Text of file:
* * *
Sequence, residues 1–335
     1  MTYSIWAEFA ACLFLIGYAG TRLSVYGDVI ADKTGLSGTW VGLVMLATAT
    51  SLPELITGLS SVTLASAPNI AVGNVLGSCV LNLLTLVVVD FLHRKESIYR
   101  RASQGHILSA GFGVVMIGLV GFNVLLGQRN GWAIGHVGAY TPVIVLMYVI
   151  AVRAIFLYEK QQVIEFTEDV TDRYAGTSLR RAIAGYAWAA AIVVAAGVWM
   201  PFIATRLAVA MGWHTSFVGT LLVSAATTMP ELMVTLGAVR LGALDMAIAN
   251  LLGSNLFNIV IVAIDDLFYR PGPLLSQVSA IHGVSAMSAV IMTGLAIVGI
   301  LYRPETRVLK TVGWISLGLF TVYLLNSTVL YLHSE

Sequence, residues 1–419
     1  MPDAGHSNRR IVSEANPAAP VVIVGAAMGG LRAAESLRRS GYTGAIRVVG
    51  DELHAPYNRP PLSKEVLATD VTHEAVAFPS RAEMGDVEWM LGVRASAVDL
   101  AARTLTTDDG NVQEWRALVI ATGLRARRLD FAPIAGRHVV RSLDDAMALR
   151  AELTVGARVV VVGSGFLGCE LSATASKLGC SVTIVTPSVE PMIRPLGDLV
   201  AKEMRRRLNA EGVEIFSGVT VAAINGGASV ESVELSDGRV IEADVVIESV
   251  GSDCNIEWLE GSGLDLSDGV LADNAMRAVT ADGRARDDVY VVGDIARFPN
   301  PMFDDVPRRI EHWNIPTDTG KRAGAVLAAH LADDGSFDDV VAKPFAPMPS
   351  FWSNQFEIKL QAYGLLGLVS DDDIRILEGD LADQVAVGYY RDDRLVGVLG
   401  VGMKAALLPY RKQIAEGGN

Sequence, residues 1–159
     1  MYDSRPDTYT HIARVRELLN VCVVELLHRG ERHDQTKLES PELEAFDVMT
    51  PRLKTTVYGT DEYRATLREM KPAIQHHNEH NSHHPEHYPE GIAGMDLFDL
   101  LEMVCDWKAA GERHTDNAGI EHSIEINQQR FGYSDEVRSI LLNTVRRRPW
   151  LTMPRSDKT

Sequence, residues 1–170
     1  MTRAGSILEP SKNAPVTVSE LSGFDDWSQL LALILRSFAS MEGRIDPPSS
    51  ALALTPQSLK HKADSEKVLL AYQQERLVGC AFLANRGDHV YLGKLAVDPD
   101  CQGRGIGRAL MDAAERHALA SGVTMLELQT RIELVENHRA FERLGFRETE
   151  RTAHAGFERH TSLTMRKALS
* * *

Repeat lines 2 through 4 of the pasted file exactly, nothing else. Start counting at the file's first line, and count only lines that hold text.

     1  MTYSIWAEFA ACLFLIGYAG TRLSVYGDVI ADKTGLSGTW VGLVMLATAT
    51  SLPELITGLS SVTLASAPNI AVGNVLGSCV LNLLTLVVVD FLHRKESIYR
   101  RASQGHILSA GFGVVMIGLV GFNVLLGQRN GWAIGHVGAY TPVIVLMYVI